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The Vatican tapes movie review

The Vatican Tapes movie review: A raven appears, a girl acts strangely, and something bad happens.

Rating: 2 out of 5
Written by Shalini Langer | New Delhi | Published: July 31, 2015 7:07:12 pm
The Vatican tapes, The Vatican tapes review, The Vatican tapes movie review, The Vatican tapes film review, The Vatican tapes film, The Vatican tapes cast, The Vatican tapes release, The Vatican tapes rating, The Vatican tapes stars, Olivia Taylor Dudley, Michael Pena, Dougray Scott, Djimon Hounsou, John Patrick Amedori, Kathleen Robertson, Mark Neveldine The Vatican Tapes movie review: A raven appears, a girl acts strangely, and something bad happens.

A raven appears, a girl acts strangely, and something bad happens. A priest notices perceptibly. How long would it take for him to call out the Vatican?

Long enough for poor Angela (Dudley) to be put through coma, mental hospital, pyschiatric sessions, before finally exorcism, through the course of which she becomes a paler and paler version of herself.

But that’s the good part. For Dudley is what Kristen Stewart should look like on seeing vampires in the Twilight series, if better sense and a stronger sun prevailed. Given a role where she is largely confined to a sitting or reclining position and chasing ghosts, Dudley does well with just changes of expression in her eyes, or only the tilt of her face or eyebrows — to show the constant shifts from a normal girl to a raging devil.

Add a few contortions to this, and not much more really happens in The Vatican Tapes — though the film derives its name from the visual evidence that the Church has been apparently collecting since the 1900s of the devil’s presence in the world.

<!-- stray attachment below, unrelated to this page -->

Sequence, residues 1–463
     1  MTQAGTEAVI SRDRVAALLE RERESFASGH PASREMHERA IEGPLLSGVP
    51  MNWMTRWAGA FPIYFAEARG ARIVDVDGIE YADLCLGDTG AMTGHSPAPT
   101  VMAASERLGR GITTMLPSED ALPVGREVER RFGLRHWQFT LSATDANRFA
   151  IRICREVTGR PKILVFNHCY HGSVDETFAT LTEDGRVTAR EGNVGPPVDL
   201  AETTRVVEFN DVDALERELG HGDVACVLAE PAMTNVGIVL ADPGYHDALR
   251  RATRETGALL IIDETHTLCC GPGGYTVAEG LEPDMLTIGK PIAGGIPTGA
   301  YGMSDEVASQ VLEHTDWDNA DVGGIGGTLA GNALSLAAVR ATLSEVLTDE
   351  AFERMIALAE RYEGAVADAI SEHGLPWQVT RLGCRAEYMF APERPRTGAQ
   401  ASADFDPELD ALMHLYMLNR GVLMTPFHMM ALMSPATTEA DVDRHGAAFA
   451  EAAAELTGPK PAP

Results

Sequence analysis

The handsome Hounsou looks promisingly at a rather chic computer screen at the beginning, and never even leaves the Vatican premises. The talented Pena accompanies Angela and her squabbling father (Scott) and boyfriend (Amedori) through their travails, but does little more than hold up the cross at crucial times. Scott and Amedori promise an interesting rivalry for Angela’s affections, before that strand quickly goes limp and is dropped.

It’s only Kathleen Robertson, in a brief but arresting appearance as Angela’s psychiatrist, who shows flashes of giving Dudley a run for her money. Robertson’s Dr Richards is too perfectly dolled up to not be sinister, but sadly Neveldine doesn’t explore the angle.

The exorcism itself, where we might expect to get our money’s worth, is an almost amusing mix of the bizarre and the banal. In a room much too crowded with defenceless witnesses, a stern cardinal from the Vatican talks the holy trinity, sprinkles the holy water, wields the holy dagger, and extracts some wholesome eggs.

Neveldine clearly is looking at an encore. But that isn’t even the most disturbing thought. All of what happens to Angela — from the first cut in her finger while slicing a cake and the stitches at the hospital, to her brief admission in hospital and the Biblical 40 days she spends in coma, to the horror that follows — is captured on video or CCTV.

It isn’t horror if it isn’t on tape. Even for God.

Cast: Olivia Taylor Dudley, Michael Pena, Dougray Scott, Djimon Hounsou, John Patrick Amedori, Kathleen Robertson
Director: Mark Neveldine

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